Unfortunately, as that last statement hints. Near Dark suffers one problem that is hard to get around when you do not resemble this element. My hatred of hick fukktards is something pretty much everyone knows about, even if they have never heard of me. And thanks to the script written by Kathryn Bigelow and Eric Red, every character, or rather the actor portraying them, in the film has to contend with trying to rise above the status of hick fukktard. The ones who succeed (Lance Henriksen and Bill Paxton) do so by either narrow margins or by having some sense of subtlety. You see, if I understand the parameters of vampirism right, one has to be made a vampire. Unlike being autistic, one is not born with it (unless they are the Rosario To Vampire variety, which is a whole different matter). That means that someone, somewhere, had to turn all of these people into vampires. Now, the idea that Jesse turned most of them into vampires or similar is plausible. But someone had to turn Jesse into a vampire, and given that Jesse at least sounds like he knows the meaning of the word “credibility”, I just cannot imagine a vampire came to a hick fukktard state like what appears to be Texas to make him a vampire. And if the common lore that different kinds of people have different-tasting blood holds, why any vampire in their right mind would want to live on a diet of hick fukktard is a similar question to why I would want to live on rice cakes and water.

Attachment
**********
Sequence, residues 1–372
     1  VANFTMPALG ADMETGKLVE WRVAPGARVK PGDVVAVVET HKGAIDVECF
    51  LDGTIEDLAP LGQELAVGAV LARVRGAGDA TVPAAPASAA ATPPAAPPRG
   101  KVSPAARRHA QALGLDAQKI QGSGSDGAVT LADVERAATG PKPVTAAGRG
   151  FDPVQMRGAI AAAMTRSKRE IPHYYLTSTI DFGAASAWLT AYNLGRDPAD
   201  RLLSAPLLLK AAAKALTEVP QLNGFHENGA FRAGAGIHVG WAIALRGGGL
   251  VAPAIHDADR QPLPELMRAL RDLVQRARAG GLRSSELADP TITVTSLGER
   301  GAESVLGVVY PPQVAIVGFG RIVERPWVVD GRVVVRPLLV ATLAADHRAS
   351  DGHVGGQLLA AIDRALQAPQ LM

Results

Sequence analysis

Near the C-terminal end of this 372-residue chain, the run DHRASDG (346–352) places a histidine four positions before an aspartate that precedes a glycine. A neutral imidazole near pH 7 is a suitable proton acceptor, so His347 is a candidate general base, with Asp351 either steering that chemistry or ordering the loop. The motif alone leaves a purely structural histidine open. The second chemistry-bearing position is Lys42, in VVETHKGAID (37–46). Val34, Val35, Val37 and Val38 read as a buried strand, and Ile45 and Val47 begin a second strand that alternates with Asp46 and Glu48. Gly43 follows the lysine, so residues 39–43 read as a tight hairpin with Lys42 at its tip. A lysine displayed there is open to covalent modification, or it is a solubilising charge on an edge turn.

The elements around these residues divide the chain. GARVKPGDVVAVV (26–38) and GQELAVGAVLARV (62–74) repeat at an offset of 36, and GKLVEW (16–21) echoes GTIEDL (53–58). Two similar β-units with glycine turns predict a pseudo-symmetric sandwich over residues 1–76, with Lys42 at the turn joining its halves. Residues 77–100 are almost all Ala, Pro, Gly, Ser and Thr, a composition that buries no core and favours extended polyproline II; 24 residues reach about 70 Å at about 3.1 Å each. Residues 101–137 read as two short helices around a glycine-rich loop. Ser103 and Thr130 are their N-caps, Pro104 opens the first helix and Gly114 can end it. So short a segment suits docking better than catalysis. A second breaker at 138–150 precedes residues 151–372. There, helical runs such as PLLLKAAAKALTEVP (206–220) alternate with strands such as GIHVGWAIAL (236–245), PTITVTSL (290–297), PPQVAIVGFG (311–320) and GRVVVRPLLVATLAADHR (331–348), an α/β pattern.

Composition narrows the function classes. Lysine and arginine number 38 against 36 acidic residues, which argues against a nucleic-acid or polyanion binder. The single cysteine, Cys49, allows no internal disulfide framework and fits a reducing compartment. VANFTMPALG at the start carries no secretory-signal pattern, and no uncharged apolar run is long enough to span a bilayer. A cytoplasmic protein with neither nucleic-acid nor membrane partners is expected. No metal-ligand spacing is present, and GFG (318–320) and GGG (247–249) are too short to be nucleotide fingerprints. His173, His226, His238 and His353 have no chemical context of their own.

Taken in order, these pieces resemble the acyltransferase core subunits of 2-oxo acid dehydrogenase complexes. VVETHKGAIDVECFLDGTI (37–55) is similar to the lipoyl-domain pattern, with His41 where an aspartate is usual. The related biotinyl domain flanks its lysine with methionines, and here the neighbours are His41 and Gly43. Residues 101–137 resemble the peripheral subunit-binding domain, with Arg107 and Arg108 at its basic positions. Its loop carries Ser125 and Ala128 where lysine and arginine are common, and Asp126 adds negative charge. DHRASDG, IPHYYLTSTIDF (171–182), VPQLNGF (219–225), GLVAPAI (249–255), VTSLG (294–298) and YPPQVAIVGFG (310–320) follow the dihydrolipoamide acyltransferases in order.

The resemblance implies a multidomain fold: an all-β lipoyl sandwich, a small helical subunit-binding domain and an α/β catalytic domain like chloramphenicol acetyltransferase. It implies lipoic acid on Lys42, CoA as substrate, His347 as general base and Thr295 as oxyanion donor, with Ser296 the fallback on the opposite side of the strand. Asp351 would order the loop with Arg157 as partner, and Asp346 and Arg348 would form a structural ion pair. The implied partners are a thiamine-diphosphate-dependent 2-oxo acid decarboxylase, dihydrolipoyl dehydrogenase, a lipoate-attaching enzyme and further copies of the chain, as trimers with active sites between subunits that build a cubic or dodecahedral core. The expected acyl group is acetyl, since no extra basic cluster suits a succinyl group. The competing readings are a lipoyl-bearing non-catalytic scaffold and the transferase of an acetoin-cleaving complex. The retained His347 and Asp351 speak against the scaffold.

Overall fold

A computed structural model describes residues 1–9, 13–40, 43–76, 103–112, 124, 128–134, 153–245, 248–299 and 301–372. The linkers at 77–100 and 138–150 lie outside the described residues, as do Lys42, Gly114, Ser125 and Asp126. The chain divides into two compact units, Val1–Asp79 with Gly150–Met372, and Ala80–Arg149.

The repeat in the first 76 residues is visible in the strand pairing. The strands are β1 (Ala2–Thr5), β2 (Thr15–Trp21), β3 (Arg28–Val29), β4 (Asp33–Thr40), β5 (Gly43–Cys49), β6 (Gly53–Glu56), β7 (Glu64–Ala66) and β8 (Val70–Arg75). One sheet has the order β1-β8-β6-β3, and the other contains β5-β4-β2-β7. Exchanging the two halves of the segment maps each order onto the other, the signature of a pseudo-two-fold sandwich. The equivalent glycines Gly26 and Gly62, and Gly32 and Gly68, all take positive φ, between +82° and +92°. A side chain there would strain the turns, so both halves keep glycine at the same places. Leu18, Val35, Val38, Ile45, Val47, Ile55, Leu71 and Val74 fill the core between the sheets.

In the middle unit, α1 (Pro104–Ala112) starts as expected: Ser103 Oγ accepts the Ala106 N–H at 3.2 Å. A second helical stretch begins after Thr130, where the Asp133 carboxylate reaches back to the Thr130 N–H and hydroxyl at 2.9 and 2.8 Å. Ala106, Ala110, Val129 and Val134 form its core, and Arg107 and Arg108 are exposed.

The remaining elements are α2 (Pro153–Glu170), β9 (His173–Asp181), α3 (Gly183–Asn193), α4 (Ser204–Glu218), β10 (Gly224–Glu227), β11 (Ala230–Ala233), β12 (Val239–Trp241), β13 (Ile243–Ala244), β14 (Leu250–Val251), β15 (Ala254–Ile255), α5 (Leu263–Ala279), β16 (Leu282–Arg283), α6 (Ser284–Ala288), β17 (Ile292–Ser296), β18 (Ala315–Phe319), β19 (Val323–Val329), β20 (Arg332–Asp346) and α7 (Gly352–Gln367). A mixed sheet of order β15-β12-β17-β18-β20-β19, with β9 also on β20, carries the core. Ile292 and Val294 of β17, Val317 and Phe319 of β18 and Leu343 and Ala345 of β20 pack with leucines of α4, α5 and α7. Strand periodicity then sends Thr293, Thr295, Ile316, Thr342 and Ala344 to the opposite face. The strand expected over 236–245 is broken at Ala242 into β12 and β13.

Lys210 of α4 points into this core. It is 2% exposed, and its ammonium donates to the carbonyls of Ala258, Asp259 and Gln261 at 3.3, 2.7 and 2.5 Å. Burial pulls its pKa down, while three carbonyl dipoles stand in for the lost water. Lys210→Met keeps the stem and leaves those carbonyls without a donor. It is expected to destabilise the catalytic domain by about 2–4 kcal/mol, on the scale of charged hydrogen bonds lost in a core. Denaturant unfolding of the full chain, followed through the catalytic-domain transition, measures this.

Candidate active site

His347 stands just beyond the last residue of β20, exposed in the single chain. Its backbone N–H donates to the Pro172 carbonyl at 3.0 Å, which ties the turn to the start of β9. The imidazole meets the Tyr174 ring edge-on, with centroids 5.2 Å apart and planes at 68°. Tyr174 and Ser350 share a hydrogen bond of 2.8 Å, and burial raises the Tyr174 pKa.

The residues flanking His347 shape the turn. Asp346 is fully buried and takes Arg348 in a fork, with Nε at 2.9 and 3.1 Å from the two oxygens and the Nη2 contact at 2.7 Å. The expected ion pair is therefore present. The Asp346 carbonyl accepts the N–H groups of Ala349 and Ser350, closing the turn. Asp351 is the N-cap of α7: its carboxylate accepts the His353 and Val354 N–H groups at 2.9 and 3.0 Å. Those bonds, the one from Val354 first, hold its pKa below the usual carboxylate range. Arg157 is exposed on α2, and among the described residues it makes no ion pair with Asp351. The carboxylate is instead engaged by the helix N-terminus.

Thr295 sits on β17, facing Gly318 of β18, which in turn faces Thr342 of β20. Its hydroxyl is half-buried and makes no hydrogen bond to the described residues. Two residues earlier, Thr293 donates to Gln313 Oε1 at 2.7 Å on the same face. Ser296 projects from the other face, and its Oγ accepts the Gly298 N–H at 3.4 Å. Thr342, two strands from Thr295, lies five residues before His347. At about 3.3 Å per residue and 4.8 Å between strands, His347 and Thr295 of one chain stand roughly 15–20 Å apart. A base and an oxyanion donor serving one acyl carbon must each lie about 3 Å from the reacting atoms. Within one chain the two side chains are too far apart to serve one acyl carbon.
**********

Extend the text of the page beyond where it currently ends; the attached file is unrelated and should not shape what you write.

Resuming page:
I have already written a bit about Dead Man, in which Lance Henriksen plays one of a trio of mercenaries the main antagonist hires to chase down and kill the protagonist. Maybe I will write again about Dead Man in future. It is a good film and I like it. But for the time being, I want to talk about a film called Powder. Lance Henriksen portrays a sheriff by the name of Doug Barnum. On the IMDB, Barnum’s deputy, Harley Duncan, is quoted as saying “I’m saying that that’s more than albino, Doug. That is spooky.”, to which Doug responds, “I never thought we’d find a man too white for you there Harley”. Leaving aside the contorversies of the film, which I will get to in a tick, this is a great case of the writer and actor working together to hit one not only out of the park, but right off the planet.